british_gasYou may remember some time ago we reported on the groundbreaking decision of the European Court of Justice in Lock v British Gas. The impact of this judgment was significant since this is the case that held that holiday pay should include provision for commission that the employee would have earned had they not been on holiday.

Given the financial implications of this decision to employers nationwide British Gas sought leave to appeal the decision on grounds that the Employment Tribunal should not have followed the Bear Scotland case because that decision was about whether overtime should be incorporated into holiday pay and argued that in doing so the EAT had wrongly interpreted the wording of the Working Time Regulations to conform with the EU Working Time Directive (No. 2003/88) that commission should be included in holiday pay.

The question in this appeal was whether the previous Employment Tribunal was right to insert wording into the Working Time Regulations to allow commission and similar payments to be included in holiday pay calculations. The Employment Appeal Tribunal held that they were, they rejected the appeal and upheld the previous decision that commission payments should be included in the calculation of holiday pay. Mr Justice Singh commented that such an interpretation would not go ‘against the grain’ of the legislation given that Parliament’s purpose in enacting the WTR was to comply with its obligation to fully implement the Directive. The EAT took the view that if the Bear Scotland case was wrongly decided then, that was an issue for the Court of Appeal to rule on.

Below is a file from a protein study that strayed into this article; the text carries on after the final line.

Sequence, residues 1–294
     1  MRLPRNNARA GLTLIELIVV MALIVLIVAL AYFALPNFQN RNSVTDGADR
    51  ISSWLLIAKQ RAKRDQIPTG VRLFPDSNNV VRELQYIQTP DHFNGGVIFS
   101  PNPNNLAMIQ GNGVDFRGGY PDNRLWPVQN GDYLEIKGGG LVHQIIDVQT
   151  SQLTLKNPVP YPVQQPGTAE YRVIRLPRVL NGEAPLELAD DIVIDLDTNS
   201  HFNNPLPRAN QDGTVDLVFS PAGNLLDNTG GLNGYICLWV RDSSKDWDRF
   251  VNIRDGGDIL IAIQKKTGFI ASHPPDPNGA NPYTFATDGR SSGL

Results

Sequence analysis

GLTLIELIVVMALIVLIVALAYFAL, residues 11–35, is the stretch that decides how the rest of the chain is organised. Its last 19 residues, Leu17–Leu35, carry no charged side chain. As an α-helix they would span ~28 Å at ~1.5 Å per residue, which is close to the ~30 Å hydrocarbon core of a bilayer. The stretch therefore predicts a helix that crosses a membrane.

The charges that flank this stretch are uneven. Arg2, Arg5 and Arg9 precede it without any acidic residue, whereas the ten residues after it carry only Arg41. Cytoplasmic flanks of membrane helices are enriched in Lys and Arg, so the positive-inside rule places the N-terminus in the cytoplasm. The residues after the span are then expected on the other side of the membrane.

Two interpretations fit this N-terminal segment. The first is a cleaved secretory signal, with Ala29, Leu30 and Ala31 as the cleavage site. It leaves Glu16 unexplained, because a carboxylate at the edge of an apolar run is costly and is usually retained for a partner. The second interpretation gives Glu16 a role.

However, we are not left without difficulty given that the EAT failed to provide any practical considerations or guidance on how the calculation of any holiday pay should be worked out. They simply said it was a matter for the National Courts to decide by taking an average over a period considered to be representative. Lack of guidance on the above will undoubtedly cause employers a huge administrative burden, although given that British Gas are seeking leave to appeal to the Court of Appeal I would hold off from implementing any firm rules until a final decision is known.

It is anticipated that leave to appeal will be granted as the Court of Appeal could find that the Working Time Regulations are incompatible with EU law and that new legislation is required to implement this. If leave to appeal is granted it is likely that the matter will not be decided until next year.